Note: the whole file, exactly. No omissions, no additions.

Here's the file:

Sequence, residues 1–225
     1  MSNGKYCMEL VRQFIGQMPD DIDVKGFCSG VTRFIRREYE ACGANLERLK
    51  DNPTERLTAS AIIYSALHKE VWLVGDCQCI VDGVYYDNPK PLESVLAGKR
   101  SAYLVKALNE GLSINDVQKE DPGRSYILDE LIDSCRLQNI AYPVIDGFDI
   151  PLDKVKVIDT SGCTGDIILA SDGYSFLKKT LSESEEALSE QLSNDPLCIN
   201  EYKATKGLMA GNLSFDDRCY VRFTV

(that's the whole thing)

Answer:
Sequence, residues 1–225
     1  MSNGKYCMEL VRQFIGQMPD DIDVKGFCSG VTRFIRREYE ACGANLERLK
    51  DNPTERLTAS AIIYSALHKE VWLVGDCQCI VDGVYYDNPK PLESVLAGKR
   101  SAYLVKALNE GLSINDVQKE DPGRSYILDE LIDSCRLQNI AYPVIDGFDI
   151  PLDKVKVIDT SGCTGDIILA SDGYSFLKKT LSESEEALSE QLSNDPLCIN
   201  EYKATKGLMA GNLSFDDRCY VRFTV